Blue Eyes and Red Cars
Everything was going so great for Noel J. Foster. He and his wife, Nancy, were extremely in love. They had just celebrated their 10th wedding anniversary with a two-week trip out West. Both the children were in school, with the youngest, Nicole, 5, having just started kindergarten on Sept. 6. The family had bought a house in Bridgewater, N.J., and Mr. Foster, 40, had fixed up every room but one. His wife just bought a new car.
It was as life should have been for a young couple in America. Mr. Foster was a vice president with Aon Corporation on the 99th floor of 2 World Trade Center. "They were at a perfect time in their life," said Peggy Oblack, Mrs. Foster's sister. "Things were really good."
Mrs. Oblack admired her sister's husband. He had blue eyes. He loved music. He was full of fun. He loved red cars. He always had a project going. "He was a wonderful family man," said Mrs. Foster. "He loved spending time with his wife and kids on the weekends. The beach, the boardwalks, the arcades."
Profile published in THE NEW YORK TIMES on October 26, 2001.
Noel J. Foster, 40, always had a smile
When the hijacked jetliners slammed into the World Trade Center on Sept. 11, Noel J. Foster lagged behind to help a colleague with a broken leg down the 99 flights.
Several witnesses told Mr. Foster's family they saw him on the 65th floor of the South Tower, still aiding the man.
Others told Mr. Foster's wife they saw him on the 40th floor.
Cell phone records show Mr. Foster tried to call home, but the calls never got though.
Mr. Foster, 40, of Bridgewater was a vice president and producing broker for Aon Re Inc. in Two World Trade Center.
Mr. Foster leaves behind his wife of 10 years, Nancy; and daughters Megan, 8, and Nicole, 5.
His mother, Marion Foster of Colts Neck, said her only child may be gone, but he will never be forgotten.
"He always had a smile. He was always looking at both sides of the story. And he was always tolerant," she said.
Learning of her son's selfless act came as no surprise, she said. "That's just the way he was."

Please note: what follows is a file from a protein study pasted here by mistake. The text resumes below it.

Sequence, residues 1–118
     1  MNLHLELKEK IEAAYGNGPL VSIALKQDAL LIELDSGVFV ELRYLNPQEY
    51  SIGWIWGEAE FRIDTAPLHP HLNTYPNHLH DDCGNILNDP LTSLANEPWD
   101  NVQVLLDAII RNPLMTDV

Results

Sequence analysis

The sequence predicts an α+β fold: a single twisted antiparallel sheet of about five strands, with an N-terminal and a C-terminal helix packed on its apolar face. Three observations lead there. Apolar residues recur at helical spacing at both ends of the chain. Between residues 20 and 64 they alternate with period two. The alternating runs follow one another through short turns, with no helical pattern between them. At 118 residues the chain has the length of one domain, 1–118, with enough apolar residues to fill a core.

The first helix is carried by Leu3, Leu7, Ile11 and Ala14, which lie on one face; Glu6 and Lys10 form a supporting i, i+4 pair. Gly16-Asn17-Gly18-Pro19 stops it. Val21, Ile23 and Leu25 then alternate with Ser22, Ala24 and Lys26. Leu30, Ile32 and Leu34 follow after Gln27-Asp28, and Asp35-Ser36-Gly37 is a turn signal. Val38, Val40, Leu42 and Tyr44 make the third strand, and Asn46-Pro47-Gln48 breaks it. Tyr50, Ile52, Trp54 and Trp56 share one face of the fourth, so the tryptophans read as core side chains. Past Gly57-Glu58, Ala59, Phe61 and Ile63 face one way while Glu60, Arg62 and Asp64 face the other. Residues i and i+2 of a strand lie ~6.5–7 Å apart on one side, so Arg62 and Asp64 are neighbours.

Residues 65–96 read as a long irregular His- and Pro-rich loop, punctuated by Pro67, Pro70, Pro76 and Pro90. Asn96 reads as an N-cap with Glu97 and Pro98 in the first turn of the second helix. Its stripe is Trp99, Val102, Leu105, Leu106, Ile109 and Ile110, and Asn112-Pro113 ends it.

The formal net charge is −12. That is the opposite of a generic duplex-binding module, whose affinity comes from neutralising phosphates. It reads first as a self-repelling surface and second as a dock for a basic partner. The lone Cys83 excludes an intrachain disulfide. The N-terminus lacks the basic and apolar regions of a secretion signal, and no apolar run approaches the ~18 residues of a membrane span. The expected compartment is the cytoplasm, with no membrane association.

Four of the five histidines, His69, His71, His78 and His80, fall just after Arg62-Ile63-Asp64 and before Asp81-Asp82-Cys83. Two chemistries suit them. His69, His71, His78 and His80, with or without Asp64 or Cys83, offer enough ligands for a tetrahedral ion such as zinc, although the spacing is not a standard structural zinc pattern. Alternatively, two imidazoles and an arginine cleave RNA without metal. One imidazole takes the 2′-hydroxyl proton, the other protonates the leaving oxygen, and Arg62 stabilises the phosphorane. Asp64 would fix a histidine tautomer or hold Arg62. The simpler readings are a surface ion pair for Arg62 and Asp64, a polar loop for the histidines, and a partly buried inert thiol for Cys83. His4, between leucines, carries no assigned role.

Mr. Foster enjoyed horseback riding, swimming, tennis and spending time with his family.
At age 4, Mr. Foster's father, James McDonough died. At 8, his mother remarried and her husband, John Foster, adopted Noel.
At age 11, Mr. Foster joined the New York Military Academy, where he learned to ride horses and once represented the school's mounted unit during an assembly at Madison Square Garden. He was an ROTC cadet and was honorably discharged from the U.S. Army in 1980.
After earning a bachelor's degree in journalism and political science from Moravian College in Bethlehem, Pa., he entered the insurance industry, working for several firms before landing at Aon in 1997.
His mother recalled one very memorable "project" that was attempted in late July -- a sand castle that she and her son worked on as the family enjoyed a day on the beach in Long Branch.
While Foster's children and their cousins quickly lost interest in the castle, the day turned out to be one Marion Foster will always remember.
Everybody was happy and laughing, she said. The clan ended the day with a fine supper at a seafood restaurant Foster counted as one of his favorites.
"He was a very good son," she said.
A memorial service will be held at 4:30 p.m. Sunday at the Shrine of St. Joseph in Stirling.
In lieu of flowers, the family asks that donations be made to Megan and Nicole Foster Education Fund, P.O. Box 181, Martinsville, N.J. 08836.
Profile by Eleanor Barrett published in THE STAR-LEDGER.